‘Radio is ridiculously underpriced’: Audio bosses respond to accusation it costs too much

Commercial radio heavyweights have clashed with an audience member at Mumbrella’s Audioland who suggested that commercial radio was overpriced for advertisers since “it’s just news with a little bit of reactive content”.

Speaking on the keynote panel, HT&E CEO Ciaran Davis said he would respond first, but Grant Blackley, Southern Cross Austereo (SCA) CEO would “come in with the right hook”.

Southern Cross Austereo CEO, Grant Blackley, alongside Spotify head of ANZ sales, Cassie Gilbert at Mumbrella Audioland

“You talk about the audio ecosystem and everyone being friendly and nice and I think that’s awesome, because I’m a yoga teacher,” the questioner began.

“But, while people are listening to a podcast, they’re not listening to commercial radio. So the market is split in some respects. Commercial radio: do you think it’s overpriced for advertisers at the moment considering it’s just news with a little bit of reactive content?”

“Radio is ridiculously underpriced and undervalued, like, ridiculously,” Davis responded.

“We’re building up data sets. We’re building up knowledge of a consumer.”

“But it is fractured,” the questioner contested.

“It is fractured, but it’s better to be fractured within your own house,” said Davis. “Through the iHeartRadio app, we’re able to see when people are listening to live radio. People are listening to live radio, surprise surprise, [at] breakfast time, through the morning, increasing again at drive, tapering off in the evening.

“People are moving into podcasts and into artist radio, streaming services, later on in the day and at weekends. So, actually, it’s very complementary.”

HT&E CEO Cieran Davis speaking on the Audioland panel

Blackley agreed wholeheartedly, adding: “If we start from the position that there’s only a certain amount of listening and we have to split it up, I think we’re starting at the wrong place. Fundamentally, audio, as a segment, is growing.”

He pointed to evidence that SCA has seen 110m downloads of podcasts without negatively impacting its live radio model.

“If it had cannibalised all of our radio assets, we probably wouldn’t be here. It hasn’t. In actual fact, the baseline of our FM is stronger,” he said.

“We use that as a megaphone to create new listening, incremental listening. I think there’s more people entering the audio sector than there ever has been before.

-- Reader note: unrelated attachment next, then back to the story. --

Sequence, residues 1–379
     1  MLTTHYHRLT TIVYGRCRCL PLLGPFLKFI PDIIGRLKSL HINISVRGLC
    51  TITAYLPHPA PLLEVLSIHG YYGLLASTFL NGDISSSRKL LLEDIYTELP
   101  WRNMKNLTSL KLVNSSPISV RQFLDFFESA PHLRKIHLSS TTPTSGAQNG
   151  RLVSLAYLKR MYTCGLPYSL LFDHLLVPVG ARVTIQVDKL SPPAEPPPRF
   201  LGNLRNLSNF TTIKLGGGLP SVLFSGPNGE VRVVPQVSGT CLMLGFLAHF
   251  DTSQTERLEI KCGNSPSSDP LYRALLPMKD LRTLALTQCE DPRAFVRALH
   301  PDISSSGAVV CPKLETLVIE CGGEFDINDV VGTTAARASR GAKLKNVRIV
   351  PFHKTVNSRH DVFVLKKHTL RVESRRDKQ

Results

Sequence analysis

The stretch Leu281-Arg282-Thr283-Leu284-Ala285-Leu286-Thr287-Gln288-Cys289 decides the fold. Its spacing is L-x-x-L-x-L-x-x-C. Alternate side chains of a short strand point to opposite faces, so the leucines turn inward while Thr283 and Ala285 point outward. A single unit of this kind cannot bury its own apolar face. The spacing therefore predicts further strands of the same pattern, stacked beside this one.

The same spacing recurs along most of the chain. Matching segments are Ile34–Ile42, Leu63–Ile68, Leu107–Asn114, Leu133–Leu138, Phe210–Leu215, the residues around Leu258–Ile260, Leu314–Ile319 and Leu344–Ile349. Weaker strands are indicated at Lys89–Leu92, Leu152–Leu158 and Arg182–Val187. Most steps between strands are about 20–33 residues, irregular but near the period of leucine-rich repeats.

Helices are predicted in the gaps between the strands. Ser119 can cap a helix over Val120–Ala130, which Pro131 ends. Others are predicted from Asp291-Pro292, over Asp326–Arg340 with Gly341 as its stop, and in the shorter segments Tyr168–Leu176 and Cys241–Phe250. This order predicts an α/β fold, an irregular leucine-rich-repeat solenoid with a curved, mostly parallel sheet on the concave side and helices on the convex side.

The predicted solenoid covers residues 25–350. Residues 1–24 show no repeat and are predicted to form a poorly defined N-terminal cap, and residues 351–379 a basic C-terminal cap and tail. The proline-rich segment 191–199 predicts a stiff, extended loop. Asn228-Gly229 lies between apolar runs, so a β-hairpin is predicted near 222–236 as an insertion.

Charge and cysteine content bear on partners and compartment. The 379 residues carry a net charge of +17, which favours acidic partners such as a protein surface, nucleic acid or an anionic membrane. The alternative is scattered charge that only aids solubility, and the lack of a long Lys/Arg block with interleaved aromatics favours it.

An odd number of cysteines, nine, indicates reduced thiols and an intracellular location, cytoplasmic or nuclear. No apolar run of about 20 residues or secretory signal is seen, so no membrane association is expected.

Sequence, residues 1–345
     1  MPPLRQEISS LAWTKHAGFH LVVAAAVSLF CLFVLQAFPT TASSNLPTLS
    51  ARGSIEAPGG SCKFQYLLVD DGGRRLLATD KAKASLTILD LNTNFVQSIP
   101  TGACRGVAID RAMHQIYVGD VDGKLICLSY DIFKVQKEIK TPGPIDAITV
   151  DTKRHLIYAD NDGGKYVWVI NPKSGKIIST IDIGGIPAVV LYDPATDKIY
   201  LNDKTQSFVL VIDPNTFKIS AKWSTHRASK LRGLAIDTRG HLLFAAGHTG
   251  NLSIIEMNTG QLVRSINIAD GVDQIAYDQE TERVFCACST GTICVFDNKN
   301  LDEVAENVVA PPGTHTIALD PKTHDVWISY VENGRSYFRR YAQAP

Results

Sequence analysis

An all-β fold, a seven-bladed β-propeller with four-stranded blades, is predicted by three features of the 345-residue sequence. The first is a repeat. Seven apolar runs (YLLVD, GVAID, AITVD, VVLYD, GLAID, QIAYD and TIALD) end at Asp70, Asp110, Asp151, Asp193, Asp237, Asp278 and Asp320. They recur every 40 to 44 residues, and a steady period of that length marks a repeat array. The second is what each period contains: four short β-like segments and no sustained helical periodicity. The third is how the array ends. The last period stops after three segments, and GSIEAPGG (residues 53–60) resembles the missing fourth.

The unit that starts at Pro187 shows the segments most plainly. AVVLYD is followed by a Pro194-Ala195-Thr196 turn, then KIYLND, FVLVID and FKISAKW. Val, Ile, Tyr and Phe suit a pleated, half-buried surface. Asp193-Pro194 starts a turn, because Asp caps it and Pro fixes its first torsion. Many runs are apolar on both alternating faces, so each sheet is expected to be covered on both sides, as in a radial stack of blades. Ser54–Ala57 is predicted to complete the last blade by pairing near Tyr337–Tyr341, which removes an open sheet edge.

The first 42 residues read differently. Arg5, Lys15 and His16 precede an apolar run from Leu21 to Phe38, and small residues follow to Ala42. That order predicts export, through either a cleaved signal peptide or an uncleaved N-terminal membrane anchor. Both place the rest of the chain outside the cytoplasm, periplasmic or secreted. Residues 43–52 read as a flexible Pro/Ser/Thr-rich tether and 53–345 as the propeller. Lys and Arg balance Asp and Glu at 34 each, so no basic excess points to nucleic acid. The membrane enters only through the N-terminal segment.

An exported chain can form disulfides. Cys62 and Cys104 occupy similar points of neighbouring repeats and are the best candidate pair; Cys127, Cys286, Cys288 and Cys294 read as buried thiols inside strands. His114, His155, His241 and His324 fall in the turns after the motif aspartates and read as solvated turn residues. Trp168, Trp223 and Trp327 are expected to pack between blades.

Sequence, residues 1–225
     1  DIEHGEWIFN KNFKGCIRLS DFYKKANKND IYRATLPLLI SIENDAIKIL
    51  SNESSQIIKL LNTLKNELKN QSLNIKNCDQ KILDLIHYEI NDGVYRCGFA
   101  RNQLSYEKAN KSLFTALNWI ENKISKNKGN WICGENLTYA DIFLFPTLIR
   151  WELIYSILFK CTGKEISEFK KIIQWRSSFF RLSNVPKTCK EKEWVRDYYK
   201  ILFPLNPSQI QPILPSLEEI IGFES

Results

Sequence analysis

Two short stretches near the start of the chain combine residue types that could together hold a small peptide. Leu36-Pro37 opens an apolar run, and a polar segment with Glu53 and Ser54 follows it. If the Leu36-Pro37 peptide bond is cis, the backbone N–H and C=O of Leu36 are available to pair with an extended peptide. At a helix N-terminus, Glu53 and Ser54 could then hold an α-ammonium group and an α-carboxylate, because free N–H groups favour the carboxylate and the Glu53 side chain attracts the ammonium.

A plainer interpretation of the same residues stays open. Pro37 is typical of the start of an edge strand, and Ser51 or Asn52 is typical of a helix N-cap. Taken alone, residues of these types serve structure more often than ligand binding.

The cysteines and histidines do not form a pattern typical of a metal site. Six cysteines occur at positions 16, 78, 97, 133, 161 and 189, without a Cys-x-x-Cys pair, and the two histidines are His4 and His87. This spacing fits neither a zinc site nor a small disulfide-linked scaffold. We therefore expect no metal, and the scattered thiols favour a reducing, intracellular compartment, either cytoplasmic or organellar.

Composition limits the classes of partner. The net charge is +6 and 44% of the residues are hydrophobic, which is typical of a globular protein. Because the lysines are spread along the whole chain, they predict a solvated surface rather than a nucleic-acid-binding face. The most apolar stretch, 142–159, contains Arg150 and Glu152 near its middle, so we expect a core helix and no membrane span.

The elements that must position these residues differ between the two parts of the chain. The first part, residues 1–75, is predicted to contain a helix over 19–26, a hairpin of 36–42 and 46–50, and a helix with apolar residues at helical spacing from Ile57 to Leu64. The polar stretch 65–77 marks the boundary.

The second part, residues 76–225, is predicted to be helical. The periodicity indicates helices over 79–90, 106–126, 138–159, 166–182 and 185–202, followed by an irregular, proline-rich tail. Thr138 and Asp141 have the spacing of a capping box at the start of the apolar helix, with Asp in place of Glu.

“And I will agree with Ciaran. We are vastly underpriced, but that’s really been a function of the industry probably not working as closely as we should have in years past. But that’s not the case today. We sit here, very much as comrades in arms, because the audio segment, as a total investment from marketers in the total pie, is underweight, and we have to get it to a better position.”

The keynote panel (L-R): Grant Blackley, Cassie Gilbert, Cieran Davis and Matthew Gain

But he reasserted that doing so isn’t a matter of assuming “there’s only one block of listeners in the world and we’re just going to cannibalise and cut that up, because I don’t believe that to be true.”

“We are expanding the pie.”

“We’re not using the full brains trust then,” the questioner interjected.

Blackley immediately disagreed. “I think we’re using the full brains trust to actually unlock exciting new audio.”

The rest of Blackley’s response was interrupted by murmurings that the questioner’s microphone should be taken away, to which Blackley said, “Yes, take the microphone from her,” to raucous laughter.

“And now that she doesn’t have the microphone, I’ll finish.”

Blackley and Davis were speaking on a panel with Spotify’s Cassie Gilbert and Audible’s Matthew Gain, with the group also discussing growing revenue (Blackley said SCA’s revenue is up 300-400%), whether there are too many podcasts (no, according to Blackley) and smart speakers.

“I’m excitedly terrified,” Davis said to laughs after everyone on the panel confirmed they’re excited by, rather than terrified of, smart speakers.

“Because, for anyone in radio in the room, it’s actually a huge challenge. We’ve got a station in Melbourne called Kiis101.1. That is an enormous challenge for a smart speaker, because it doesn’t understand what the point is. And many radio brands around the world have been successfully built, for a number of years, around sequential numbers that, at the moment, smart speakers don’t understand. And you’ve got one chance for the smart speaker to hit a search.”

Gain also drew laughs with his smart speaker wish list.

“I would love the smart speaker to be really smart, suggesting things to me. So like ‘Hey Matthew, I saw that you’re presenting at Audioland today, do you want a 20 minute podcast on how to do great public speaking’ or something like that. ‘We’re going to play your favourite ‘I’m too sexy’ song [by British band Right Said Fred] to amp you up,'” he joked.

“And that’s where I think the future may lead us.”

Ultimately, Davis was certain that Australia’s audio future is looking (and sounding) bright.

“Advertising follows consumer behaviour. So there’s absolutely no doubt that the revenue that will be generated from podcasting will be quite substantial in the next five years,” he said.

“It’s about communities, it’s about localism, it’s about engagement.

“Having had the privilege of working in 16 countries around the world, Australia’s radio is probably the most dynamic, forward-thinking, engaging, progressive, innovative mediums of any industry in the world. And that’s a credit to ourselves, to Nova, to SCA, who work really bloody hard.”


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